Standing on a promontory, Kevin Lafferty, a marine biologist at the University of California at Santa Barbara, watches the teeming scene and sees another, more compelling drama.
For him, the real drama of the marsh lies beneath the surface in the life of its invisible inhabitants: the parasites.A curlew grabs a clam from its hole."Just got infected," Lafferty
looks at the bank of snails."More than 40 percent of these snails are infected," he
pronounces."They're really just parasites in disguise."He
points to the snowy constellation of bird droppings along the bank.
At the Carpinteria salt marsh, Kevin Lafferty
has been exploring how parasites may shape an entire region's ecology.In a series of exacting experiments, he
has found that a single species of fluke, Euhaplorchis californiensis, journeys through three hosts and plays a critical role in orchestrating the marsh's balance of nature.
set out to answer one main question: Would Carpinteria look the same if there were no flukes?He
began by examining the snail stage of the cycle.The relationship between fluke and snail is not like the one between predator and prey.In a genetic sense, infected snails are dead, because they can no longer reproduce.But they live on, grazing on algae to feed the flukes inside them.That puts them in direct competition with the marsh's uninfected snails.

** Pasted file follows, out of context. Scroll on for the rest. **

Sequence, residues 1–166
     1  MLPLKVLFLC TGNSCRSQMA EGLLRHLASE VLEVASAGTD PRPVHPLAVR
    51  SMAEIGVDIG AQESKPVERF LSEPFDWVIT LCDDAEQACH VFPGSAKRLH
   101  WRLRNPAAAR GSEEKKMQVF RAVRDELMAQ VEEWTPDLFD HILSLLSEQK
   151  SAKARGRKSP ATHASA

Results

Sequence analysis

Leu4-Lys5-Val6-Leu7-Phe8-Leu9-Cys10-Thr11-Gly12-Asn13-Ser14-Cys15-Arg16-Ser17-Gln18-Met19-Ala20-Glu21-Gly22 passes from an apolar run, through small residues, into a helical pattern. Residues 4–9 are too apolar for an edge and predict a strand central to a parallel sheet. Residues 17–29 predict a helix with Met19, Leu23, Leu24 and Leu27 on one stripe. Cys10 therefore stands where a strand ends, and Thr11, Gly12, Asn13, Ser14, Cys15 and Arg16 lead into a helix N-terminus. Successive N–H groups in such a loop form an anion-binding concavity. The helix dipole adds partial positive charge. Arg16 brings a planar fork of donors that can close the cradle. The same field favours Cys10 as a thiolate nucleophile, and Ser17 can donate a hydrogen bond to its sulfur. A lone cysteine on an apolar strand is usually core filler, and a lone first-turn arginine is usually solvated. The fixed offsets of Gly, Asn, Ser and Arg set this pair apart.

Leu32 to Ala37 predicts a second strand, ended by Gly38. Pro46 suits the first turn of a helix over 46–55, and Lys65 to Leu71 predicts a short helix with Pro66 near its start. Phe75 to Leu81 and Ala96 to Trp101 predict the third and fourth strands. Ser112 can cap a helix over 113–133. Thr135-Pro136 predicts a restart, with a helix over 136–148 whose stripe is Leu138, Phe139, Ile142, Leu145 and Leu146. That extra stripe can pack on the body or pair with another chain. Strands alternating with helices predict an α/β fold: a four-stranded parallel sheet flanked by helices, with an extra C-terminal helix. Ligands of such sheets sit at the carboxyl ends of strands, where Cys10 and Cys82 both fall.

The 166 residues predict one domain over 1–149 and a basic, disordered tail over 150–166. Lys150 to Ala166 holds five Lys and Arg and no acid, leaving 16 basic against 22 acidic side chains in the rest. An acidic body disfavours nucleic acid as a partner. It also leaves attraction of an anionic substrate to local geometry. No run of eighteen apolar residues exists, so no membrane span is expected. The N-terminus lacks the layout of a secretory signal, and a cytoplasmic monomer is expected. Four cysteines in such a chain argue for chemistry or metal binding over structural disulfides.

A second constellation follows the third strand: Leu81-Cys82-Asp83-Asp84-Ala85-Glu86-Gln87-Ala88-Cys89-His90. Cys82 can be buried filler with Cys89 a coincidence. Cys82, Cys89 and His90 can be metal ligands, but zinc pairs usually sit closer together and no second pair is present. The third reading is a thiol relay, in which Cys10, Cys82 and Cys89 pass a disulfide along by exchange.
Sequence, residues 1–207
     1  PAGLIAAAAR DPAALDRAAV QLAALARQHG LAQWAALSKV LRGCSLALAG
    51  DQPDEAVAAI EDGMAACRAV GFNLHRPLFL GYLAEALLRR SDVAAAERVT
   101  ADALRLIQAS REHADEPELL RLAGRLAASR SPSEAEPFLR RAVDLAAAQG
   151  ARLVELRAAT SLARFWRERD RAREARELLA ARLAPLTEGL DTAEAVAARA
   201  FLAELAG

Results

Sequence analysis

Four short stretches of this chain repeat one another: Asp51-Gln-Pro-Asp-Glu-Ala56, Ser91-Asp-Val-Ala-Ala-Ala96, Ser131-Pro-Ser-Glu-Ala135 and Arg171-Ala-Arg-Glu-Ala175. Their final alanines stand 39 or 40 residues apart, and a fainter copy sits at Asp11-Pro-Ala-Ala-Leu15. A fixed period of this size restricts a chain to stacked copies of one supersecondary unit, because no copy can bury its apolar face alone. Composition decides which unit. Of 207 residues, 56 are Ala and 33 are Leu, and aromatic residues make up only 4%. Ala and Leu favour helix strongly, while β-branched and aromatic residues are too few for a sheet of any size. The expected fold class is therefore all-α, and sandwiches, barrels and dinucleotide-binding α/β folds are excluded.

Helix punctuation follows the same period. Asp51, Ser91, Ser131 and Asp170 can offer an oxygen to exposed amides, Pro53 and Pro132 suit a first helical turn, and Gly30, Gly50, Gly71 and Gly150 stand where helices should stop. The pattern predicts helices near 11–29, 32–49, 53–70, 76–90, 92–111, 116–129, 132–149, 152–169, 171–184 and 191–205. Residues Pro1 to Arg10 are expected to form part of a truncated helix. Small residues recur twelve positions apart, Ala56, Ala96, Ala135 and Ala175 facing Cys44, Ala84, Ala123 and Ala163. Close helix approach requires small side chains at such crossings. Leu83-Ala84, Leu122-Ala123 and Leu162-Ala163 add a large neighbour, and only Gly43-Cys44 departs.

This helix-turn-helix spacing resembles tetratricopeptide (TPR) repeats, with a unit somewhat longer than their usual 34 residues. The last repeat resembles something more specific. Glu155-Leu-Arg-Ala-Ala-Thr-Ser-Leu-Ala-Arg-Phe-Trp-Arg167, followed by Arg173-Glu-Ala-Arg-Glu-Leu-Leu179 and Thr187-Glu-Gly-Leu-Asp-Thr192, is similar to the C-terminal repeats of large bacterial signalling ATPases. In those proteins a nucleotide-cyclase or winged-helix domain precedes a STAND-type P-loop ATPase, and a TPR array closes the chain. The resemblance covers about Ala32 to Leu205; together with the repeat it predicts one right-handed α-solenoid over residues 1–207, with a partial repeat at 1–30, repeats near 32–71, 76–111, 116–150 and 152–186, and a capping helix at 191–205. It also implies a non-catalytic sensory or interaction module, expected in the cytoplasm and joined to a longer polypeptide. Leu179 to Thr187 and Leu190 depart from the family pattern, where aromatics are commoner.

To see how the contest plays out, Lafferty
put healthy and fluke-infested snails in separate mesh cages at sites around the marsh."The tops were open so the sun could shine through and algae could grow on the bottom," says Lafferty
found was that the uninfected snails grew faster, released far more eggs, and could thrive in far more crowded conditions.The implication: In nature, the parasites were competing so intensely that the healthy snails couldn't reproduce fast enough to take full advantage of the salt marsh.In fact, if flukes were absent from the marsh, the snail population would nearly double.That explosion would ripple out through much of the salt marsh ecosystem, thinning out the carpet of algae and making it easier for the snails' predators, such as crabs, to thrive.Lafferty
then studied the killifish.Initially, he
found little evidence that flukes harmed or changed the fish they colonized; the fish didn't even mount an immune response.But Lafferty
figured that flukes sitting on the brain were in a good position to be doing something.
and Morris followed up with a marsh experiment in which they set up two pens, each filled with 53 uninfected killifish and 95 infected fish.
After birds had visited the pen for three weeks, Lafferty
and Morris added up how many fish were alive. (The covered pen acted as a control for the researchers to see how many fish died of natural causes.) The results were startling: The birds were 30 times more likely to feast on one of the flailing, parasitized fish than on a healthy fish.
The fluke that Lafferty
studied is but one parasite, living in one salt marsh.